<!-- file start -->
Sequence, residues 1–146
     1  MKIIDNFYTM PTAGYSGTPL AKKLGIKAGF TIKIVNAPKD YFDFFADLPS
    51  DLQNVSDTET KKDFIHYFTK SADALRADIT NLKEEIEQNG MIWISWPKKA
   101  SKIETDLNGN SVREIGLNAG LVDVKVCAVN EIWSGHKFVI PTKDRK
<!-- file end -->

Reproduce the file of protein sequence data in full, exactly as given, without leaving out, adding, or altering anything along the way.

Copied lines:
Sequence, residues 1–146
     1  MKIIDNFYTM PTAGYSGTPL AKKLGIKAGF TIKIVNAPKD YFDFFADLPS
    51  DLQNVSDTET KKDFIHYFTK SADALRADIT NLKEEIEQNG MIWISWPKKA
   101  SKIETDLNGN SVREIGLNAG LVDVKVCAVN EIWSGHKFVI PTKDRK